Feature Damselfly (Zygoptera) Dragonfly (Anisoptera)
Body shape Slender Robust
Wing position Above body when at rest Open horizontally when at rest
Flight Weaker, slower Stronger, faster
Eyes Large, but separated Large, nearly touching or connected

Each suborder of the Odonata order has its own advantages and disadvantages in terms of ecological adaptations and survival strategies. For example, damselflies are effective at hunting smaller insects, while dragonflies can target larger prey. However, damselflies may be more susceptible to predators due to their slower flight speed, while dragonflies can escape more easily thanks to their faster and more agile flight (source).

Flight and Predatory Behavior

Dragonflies and damselflies exhibit distinct differences in their flight and predatory behavior. Here’s a brief comparison of their flight characteristics and hunting strategies:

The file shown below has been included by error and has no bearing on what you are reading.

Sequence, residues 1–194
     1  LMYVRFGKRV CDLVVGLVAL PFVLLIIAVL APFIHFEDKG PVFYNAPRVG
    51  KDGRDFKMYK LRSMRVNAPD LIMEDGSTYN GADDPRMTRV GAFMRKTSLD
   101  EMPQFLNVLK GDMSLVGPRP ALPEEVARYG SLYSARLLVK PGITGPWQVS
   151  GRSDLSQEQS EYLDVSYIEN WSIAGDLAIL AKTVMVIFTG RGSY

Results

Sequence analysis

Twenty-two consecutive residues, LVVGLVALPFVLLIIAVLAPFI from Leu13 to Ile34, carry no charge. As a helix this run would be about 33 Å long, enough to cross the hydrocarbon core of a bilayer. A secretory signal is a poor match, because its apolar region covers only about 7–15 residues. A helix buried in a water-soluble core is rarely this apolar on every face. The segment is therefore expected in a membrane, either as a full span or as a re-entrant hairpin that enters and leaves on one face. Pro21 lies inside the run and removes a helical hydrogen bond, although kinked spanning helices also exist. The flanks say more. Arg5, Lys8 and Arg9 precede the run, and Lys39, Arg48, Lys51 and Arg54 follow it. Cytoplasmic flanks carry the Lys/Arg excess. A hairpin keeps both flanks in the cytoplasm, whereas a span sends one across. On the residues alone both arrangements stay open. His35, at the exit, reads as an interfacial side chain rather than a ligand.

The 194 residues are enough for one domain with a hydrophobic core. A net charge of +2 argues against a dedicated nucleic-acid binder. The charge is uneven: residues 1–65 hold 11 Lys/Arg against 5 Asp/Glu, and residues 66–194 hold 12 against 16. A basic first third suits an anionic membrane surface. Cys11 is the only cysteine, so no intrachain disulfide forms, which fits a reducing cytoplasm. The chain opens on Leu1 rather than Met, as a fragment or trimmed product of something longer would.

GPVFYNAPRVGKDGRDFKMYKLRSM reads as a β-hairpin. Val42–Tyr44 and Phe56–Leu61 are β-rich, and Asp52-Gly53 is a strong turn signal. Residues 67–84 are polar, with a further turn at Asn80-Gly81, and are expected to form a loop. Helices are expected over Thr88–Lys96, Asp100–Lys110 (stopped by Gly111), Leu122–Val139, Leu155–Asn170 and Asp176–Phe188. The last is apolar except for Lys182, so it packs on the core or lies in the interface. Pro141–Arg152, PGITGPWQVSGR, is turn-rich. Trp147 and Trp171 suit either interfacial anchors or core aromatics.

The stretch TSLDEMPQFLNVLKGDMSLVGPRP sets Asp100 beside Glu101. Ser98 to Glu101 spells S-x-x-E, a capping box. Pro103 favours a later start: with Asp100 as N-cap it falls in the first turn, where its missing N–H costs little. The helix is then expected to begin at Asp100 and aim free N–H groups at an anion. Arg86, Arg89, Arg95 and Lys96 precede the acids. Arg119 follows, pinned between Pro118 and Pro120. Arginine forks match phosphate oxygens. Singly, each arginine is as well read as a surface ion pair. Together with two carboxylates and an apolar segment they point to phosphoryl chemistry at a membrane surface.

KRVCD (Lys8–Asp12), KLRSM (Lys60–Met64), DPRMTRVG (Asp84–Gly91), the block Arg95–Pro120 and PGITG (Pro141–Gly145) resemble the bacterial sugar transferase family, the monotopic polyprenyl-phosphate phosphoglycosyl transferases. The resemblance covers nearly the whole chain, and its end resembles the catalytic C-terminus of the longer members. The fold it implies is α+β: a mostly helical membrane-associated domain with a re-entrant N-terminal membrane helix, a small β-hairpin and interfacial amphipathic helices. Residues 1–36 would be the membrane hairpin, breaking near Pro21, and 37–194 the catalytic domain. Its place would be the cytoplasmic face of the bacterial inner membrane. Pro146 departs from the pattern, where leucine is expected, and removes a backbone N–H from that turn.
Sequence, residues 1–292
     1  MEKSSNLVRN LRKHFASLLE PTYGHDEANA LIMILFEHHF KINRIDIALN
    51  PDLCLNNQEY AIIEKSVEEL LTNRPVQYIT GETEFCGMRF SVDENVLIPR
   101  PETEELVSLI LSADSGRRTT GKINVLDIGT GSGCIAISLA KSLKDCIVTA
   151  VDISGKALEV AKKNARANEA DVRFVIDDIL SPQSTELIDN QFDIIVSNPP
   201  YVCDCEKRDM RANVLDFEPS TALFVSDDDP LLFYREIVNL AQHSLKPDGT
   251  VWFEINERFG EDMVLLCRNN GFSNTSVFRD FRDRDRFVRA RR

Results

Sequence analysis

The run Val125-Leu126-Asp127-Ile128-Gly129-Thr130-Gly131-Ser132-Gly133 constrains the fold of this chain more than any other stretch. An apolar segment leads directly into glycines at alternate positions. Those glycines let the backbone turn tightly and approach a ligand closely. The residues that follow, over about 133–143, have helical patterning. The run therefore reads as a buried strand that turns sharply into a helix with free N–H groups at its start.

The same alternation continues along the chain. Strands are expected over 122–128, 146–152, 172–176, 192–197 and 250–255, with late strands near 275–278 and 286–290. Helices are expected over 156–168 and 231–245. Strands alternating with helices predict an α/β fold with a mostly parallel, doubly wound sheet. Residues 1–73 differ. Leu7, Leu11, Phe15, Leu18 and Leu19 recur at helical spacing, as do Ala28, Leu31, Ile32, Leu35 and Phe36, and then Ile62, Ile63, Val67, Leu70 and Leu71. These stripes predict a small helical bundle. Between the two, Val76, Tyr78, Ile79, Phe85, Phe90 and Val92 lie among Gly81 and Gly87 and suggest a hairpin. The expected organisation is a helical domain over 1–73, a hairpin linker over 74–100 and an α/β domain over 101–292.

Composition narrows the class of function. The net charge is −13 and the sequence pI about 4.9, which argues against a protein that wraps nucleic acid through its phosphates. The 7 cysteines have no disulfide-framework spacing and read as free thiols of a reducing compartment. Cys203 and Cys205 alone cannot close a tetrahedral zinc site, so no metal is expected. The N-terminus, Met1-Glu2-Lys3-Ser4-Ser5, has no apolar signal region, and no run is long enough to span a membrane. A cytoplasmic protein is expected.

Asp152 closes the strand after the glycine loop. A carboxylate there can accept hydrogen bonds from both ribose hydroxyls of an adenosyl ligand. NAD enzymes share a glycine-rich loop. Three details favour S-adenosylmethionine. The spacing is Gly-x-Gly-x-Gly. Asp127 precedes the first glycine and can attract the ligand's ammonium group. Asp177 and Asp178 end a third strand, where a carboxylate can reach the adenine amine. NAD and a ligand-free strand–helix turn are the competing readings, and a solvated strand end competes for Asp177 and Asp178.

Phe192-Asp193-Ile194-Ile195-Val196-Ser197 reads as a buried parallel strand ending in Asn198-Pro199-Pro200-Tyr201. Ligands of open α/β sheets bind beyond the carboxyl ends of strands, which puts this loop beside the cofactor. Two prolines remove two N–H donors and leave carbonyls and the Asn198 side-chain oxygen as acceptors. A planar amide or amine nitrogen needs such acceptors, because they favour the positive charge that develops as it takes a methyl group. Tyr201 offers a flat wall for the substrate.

• Dragonflies: more agile with larger hind wings
  • Damselflies: more delicate and fluttery due to equal-sized wings

Dragonflies tend to be faster in flight, reaching speeds of up to 30 mph, while damselflies typically fly at slower speeds.

Predatory Behavior:

  • Dragonflies: catch prey mid-flight, impressive hunters
  • Damselflies: ambush predators, striking from a perch

Both dragonflies and damselflies are important predators of mosquitoes and other biting insects, benefiting humans by reducing their population.

Flight Hind Wings Predatory Behavior
Dragonflies Agile, faster Larger Catch prey mid-flight
Damselflies Delicate, slower Equal-sized Ambush predators

Some examples of their predatory behavior include:

  • Dragonflies: catching mosquitoes by extending their legs like a basket to trap prey
  • Damselflies: perching on plants near water to snatch insects that come close

In summary:

  • Dragonflies and damselflies are both valuable flying insect predators.
  • They differ in flight patterns and speed due to wing size.